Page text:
Disney is developing a "Black Panther" television series set in the fictional African kingdom of Wakanda as part of a massive new five-year content deal with director Ryan Coogler, the company said Monday.
Global smash hit film "Black Panther" starring the late Chadwick Boseman was adored by critics and audiences, becoming the first comic book movie to be nominated for best picture at the Oscars, and grossing over $1 billion worldwide.
It was also credited as a major step forward in African American representation for Hollywood, with a predominantly Black cast and writer-director in Coogler, who is also overseeing a film sequel set for next year.
"Ryan Coogler is a singular storyteller whose vision and range have made him one of the standout filmmakers of his generation," said Disney executive chairman Bob Iger in a statement.
"With 'Black Panther,' Ryan brought a groundbreaking story and iconic characters to life in a real, meaningful and memorable way, creating a watershed cultural moment."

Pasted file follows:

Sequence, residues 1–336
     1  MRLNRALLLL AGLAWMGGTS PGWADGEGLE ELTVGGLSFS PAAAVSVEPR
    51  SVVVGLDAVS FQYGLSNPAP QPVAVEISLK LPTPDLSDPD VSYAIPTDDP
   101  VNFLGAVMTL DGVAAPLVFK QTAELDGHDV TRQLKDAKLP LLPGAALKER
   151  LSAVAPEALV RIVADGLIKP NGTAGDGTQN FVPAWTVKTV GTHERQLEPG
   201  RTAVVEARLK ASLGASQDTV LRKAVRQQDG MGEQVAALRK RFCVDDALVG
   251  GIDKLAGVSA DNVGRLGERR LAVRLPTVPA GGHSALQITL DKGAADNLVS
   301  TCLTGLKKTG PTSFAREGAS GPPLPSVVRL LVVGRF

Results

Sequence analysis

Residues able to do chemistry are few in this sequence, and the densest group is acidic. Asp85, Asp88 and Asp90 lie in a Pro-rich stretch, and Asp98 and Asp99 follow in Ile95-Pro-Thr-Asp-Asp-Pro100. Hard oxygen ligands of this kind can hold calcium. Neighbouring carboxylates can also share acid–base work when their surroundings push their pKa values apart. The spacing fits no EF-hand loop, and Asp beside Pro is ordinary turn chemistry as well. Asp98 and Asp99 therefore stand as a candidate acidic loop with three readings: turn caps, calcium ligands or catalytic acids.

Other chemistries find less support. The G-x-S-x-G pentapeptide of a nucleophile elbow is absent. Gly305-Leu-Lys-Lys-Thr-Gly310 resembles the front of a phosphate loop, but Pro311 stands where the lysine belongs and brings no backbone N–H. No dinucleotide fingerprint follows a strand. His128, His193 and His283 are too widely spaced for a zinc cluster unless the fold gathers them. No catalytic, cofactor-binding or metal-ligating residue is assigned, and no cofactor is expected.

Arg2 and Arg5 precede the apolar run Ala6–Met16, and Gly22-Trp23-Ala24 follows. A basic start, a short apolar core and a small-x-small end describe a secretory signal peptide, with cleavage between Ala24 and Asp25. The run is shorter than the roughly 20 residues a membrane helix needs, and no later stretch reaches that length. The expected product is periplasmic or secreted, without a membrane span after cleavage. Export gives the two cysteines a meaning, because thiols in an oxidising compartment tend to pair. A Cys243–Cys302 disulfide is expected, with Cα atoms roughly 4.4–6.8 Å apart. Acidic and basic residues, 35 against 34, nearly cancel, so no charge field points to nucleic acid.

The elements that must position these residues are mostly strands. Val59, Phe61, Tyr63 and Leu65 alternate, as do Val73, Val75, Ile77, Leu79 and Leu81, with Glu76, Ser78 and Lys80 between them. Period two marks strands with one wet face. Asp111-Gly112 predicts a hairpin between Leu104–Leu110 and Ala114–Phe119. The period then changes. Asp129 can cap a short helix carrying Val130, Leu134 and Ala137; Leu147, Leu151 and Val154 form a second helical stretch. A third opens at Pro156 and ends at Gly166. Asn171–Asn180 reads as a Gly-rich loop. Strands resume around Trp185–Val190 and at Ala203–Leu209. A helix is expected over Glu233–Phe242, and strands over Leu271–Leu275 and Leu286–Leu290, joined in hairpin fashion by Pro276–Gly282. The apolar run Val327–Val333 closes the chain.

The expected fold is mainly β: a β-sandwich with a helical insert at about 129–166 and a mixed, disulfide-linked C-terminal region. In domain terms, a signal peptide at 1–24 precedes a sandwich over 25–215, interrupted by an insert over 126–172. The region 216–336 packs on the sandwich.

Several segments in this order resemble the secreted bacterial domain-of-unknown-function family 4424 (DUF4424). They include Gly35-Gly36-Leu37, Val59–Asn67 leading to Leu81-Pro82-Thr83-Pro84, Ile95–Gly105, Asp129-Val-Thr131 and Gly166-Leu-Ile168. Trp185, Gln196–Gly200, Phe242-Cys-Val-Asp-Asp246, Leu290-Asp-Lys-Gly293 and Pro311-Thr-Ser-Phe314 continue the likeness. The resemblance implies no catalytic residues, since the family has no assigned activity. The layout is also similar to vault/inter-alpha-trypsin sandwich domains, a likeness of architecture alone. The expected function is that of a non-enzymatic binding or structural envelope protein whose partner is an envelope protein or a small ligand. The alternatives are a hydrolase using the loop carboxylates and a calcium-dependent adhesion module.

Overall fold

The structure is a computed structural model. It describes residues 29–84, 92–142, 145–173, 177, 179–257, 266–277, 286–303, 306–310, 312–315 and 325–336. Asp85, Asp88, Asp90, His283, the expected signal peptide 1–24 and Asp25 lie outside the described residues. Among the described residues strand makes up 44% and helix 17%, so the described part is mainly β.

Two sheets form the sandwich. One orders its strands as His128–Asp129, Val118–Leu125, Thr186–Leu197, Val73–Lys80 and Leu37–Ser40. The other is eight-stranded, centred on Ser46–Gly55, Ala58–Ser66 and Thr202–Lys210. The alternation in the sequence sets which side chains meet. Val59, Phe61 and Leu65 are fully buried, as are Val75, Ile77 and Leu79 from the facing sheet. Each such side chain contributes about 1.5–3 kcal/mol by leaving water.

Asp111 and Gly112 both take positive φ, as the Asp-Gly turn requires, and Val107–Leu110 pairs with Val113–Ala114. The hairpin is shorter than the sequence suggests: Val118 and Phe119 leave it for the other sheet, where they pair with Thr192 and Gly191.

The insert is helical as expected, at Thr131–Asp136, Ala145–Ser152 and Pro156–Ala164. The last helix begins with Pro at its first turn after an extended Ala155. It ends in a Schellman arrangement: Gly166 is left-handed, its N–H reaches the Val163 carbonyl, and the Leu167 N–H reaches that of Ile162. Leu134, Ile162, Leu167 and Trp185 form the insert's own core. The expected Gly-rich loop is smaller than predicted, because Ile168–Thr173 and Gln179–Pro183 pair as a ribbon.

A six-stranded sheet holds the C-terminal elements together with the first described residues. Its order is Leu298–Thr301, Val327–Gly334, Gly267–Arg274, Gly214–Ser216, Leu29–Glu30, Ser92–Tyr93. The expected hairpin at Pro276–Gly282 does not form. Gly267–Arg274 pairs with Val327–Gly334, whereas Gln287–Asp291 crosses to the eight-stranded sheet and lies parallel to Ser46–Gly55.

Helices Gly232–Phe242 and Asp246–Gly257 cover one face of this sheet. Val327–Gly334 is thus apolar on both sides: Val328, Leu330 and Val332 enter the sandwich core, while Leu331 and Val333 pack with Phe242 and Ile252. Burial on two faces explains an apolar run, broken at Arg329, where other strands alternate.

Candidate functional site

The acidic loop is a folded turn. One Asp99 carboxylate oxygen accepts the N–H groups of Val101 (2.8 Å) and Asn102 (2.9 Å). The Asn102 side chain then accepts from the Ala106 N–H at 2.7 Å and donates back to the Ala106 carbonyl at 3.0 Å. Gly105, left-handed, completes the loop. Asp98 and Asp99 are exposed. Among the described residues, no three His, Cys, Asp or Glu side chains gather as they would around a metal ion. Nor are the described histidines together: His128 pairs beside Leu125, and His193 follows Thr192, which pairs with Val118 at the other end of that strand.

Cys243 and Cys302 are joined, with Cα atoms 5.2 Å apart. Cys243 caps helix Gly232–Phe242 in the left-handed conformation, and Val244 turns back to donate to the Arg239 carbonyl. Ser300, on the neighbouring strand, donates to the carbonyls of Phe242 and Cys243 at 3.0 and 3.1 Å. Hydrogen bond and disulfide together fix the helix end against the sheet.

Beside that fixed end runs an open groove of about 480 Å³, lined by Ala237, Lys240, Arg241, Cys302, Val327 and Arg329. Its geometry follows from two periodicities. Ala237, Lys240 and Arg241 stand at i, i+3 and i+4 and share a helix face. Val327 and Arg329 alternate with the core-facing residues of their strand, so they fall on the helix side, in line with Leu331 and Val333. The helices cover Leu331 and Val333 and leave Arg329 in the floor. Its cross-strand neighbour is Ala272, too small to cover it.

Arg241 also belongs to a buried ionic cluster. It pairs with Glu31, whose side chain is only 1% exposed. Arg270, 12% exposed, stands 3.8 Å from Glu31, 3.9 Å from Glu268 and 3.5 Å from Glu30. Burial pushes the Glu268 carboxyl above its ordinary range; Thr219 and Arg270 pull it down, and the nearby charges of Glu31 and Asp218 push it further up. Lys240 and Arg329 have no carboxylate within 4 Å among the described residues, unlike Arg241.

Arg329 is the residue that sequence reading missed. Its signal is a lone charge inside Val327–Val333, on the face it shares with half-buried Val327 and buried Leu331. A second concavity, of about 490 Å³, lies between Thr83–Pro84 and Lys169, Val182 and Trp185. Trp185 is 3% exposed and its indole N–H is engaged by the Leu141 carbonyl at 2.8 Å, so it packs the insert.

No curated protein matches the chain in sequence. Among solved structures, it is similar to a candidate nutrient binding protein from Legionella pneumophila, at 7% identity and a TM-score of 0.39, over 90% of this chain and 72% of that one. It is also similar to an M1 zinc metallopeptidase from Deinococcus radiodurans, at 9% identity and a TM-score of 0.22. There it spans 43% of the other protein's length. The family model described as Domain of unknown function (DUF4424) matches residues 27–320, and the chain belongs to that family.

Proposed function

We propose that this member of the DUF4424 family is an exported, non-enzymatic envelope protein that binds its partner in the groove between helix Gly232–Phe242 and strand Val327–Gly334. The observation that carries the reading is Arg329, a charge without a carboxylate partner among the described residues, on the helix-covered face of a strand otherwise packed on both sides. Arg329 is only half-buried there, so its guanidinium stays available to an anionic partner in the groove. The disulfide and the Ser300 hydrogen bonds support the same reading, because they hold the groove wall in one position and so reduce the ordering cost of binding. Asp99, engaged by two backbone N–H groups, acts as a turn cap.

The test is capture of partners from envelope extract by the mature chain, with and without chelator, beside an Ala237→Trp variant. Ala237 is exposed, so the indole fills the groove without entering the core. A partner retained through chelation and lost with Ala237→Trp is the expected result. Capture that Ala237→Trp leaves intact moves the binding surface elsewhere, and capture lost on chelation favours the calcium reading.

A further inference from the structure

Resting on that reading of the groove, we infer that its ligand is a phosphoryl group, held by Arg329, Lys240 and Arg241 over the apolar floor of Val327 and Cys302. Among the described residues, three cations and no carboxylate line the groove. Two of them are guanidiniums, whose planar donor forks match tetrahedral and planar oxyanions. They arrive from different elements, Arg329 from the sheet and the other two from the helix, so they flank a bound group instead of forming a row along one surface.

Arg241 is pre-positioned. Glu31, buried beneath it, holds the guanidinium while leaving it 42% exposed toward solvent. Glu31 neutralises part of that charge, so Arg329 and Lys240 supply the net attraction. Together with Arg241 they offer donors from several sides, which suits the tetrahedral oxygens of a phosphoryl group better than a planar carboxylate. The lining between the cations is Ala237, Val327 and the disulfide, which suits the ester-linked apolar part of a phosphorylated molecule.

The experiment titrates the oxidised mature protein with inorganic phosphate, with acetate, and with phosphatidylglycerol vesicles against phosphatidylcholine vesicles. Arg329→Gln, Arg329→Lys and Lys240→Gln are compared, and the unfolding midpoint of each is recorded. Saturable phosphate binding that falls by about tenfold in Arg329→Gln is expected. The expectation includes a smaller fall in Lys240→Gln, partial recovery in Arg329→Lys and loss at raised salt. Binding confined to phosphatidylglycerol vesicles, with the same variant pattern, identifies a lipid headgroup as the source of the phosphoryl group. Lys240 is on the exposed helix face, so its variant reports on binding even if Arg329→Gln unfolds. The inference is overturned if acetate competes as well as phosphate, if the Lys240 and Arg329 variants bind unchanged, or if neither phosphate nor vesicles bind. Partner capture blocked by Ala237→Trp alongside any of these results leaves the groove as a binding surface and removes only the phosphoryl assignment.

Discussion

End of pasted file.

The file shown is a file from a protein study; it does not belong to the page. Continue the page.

"We're thrilled to strengthen our relationship and look forward to telling more great stories with Ryan and his team."
Coogler's company Proximity will develop a "wide variety" of projects for streaming service Disney+ and other branches of the sprawling Mouse House studio.
"We're already in the mix on some projects that we can't wait to share," said Coogler.
The untitled Wakanda series is the latest in a huge raft of Disney+ television shows set in the world of the record-grossing Marvel superhero films.
At an investor presentation in December, Disney announced "roughly 10 Marvel series" would hit the streaming service in the "next few years."
Others included the Samuel L Jackson-led "Secret Invasion," "If Beale Street Could Talk" actress Dominique Thorne in "Ironheart," and Don Cheadle for "Armor Wars."
"WandaVision," the first new release in the Marvel franchise "universe" for almost two years due to delays caused by the pandemic, is currently airing on Disney+.
The pioneering Boseman's lead role in "Black Panther" will not be recast in the sequel film following his death in August from colon cancer, the company has said.
"His portrayal of T'Challa the Black Panther is iconic and transcends any iteration of the character in any other medium from Marvel's past -- and it's for that reason that we will not recast the character," Marvel Studios president Kevin Feige told Disney's investor day.